The yarn is the same as last year - from 'Donegal Yarns', the last remaining spinner of the product in Ireland. It’s a tiny mill that has been spinning the distinctive flecked yarn since the nineteenth century, and the Kilcarra tweed we used deliberately echoes the feeling of the first incarnations.

This year we just used a heavier version, and tweaked the colours. Essentially, last year’s was a grey and black herringbone, with variously coloured flecks. This year we’ve swapped the grey for brown, so overall the effect is of a deep, dark-brown cloth, with natural, organic variation.

We did this both to offer something different and because I felt a dark brown like this would still be versatile. It’s easier to wear with grey trousers or knitwear, but just as smart - an effective bridge between casual and formal, as the grey was.

I knew I didn’t want warm brown, as mentioned on the original piece. But this mixture with black works perfectly.

 As with the shoot last year, Jamie and I photographed this in Ireland with two different outfits, in order to illustrate that versatility.

Above the coat is worn casually, with cream jeans, a white oxford shirt, a grey knit and loafers.

Those loafers could easily be swapped for slim sneakers, and while white jeans look particularly nice, indigo denim also works well. The examples on the first post are still illustrative there.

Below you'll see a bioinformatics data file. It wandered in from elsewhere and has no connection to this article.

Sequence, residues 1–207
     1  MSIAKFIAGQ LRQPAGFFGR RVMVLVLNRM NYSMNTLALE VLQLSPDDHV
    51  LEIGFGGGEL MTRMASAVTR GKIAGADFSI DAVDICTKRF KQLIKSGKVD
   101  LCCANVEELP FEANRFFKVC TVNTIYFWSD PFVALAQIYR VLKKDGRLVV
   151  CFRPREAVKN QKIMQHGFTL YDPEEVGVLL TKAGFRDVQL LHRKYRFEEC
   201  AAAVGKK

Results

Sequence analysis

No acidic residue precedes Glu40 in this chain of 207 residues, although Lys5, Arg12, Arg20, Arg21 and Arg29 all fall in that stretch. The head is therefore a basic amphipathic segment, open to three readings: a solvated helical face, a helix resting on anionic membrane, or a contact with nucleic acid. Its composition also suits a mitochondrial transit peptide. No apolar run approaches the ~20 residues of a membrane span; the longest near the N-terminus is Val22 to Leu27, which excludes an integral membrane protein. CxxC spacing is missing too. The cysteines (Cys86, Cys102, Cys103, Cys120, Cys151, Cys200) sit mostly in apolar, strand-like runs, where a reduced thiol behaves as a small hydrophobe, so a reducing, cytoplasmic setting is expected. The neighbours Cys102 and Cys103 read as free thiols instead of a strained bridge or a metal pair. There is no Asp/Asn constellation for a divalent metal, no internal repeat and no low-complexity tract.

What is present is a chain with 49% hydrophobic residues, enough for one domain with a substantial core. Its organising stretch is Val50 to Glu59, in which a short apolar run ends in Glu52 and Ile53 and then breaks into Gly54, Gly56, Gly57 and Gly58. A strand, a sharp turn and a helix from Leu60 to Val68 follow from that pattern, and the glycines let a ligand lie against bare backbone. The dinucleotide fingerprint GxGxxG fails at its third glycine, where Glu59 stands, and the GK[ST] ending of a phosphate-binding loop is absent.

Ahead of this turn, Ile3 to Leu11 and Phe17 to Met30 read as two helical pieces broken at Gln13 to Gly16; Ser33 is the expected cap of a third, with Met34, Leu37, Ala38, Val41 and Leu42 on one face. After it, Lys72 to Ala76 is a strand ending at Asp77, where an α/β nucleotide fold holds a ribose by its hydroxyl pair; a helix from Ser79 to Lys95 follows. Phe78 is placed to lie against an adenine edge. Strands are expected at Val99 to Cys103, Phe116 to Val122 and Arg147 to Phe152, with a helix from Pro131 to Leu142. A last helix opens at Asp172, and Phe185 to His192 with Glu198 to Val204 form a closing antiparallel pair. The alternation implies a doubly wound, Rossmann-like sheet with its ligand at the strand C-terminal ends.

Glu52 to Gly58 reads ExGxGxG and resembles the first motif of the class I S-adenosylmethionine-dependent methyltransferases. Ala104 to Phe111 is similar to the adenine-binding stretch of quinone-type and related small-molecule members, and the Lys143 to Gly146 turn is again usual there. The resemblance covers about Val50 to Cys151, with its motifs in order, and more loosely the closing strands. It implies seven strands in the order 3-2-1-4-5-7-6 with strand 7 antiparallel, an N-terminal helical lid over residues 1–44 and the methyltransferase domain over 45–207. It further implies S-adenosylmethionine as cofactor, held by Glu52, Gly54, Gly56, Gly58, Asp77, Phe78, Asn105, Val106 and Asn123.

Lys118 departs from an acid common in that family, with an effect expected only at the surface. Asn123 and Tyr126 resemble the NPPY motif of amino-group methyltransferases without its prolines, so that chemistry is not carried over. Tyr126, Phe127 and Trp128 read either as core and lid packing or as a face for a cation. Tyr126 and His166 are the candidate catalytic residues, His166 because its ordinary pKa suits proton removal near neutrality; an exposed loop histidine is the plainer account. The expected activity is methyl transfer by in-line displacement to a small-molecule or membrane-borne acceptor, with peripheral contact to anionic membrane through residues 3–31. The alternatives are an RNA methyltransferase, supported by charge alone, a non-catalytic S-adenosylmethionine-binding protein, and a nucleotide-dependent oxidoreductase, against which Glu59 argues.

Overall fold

A baseball cap makes it more casual still; a watch cap keeps it smarter.

hen below, the coat is worn with fairly formal tailoring: a navy cashmere jacket, a blue oxford shirt, mid-grey flannels and black-suede shoes.

This demonstrates, hopefully, how the coat could be worn for commuting to the office as well as at the weekend. It’s a little casual for a full worsted suit and tie, but is good for any sports-jacket combination.

Even the graphic print of an Hermes scarf (just peeking out of the pocket here) doesn’t look out of place, despite its aesthetic being rather far from the ruggedness of Donegal.

And the cream scarf shown with this outfit further down smartens everything up. A hairier, checked scarf would have had the opposite effect.

 

All the other details from last year’s iteration are the same: the dark-brown matte-horn two-hole buttons that I like so much; the dark-gold lining; the big newspaper pocket; the cashmere-lined pockets.

Actually, one small thing we did tweak last year was the front of that lining on the pocket, which seemed to snag a little on mine. Now it sits perfectly. We also widened the sleeve slightly following feedback.

There are many other things I could go into, all of which have been retained from last year as they functioned so well.

If you want the full run-down, it’s probably best to read the original launch article, here.

For those that want a quick summary, here are the key bullet points:

Cloth and make:

  • The Donegal Overcoat was designed to be the most versatile coat possible for modern tailoring and lifestyles.
  • It was made in Donegal tweed because of the pleasing but subtle texture. “There’s slubbiness in there and colour variation when you look carefully, but it never feels as old-fashioned as a big windowpane,” as I said at the time.
  • The yarn is dyed, blended, carded and spun all by the same mill in Donegal.
  • The cloth is woven by Mallalieus of Delph, a small family-run mill in the middle of the Pennines.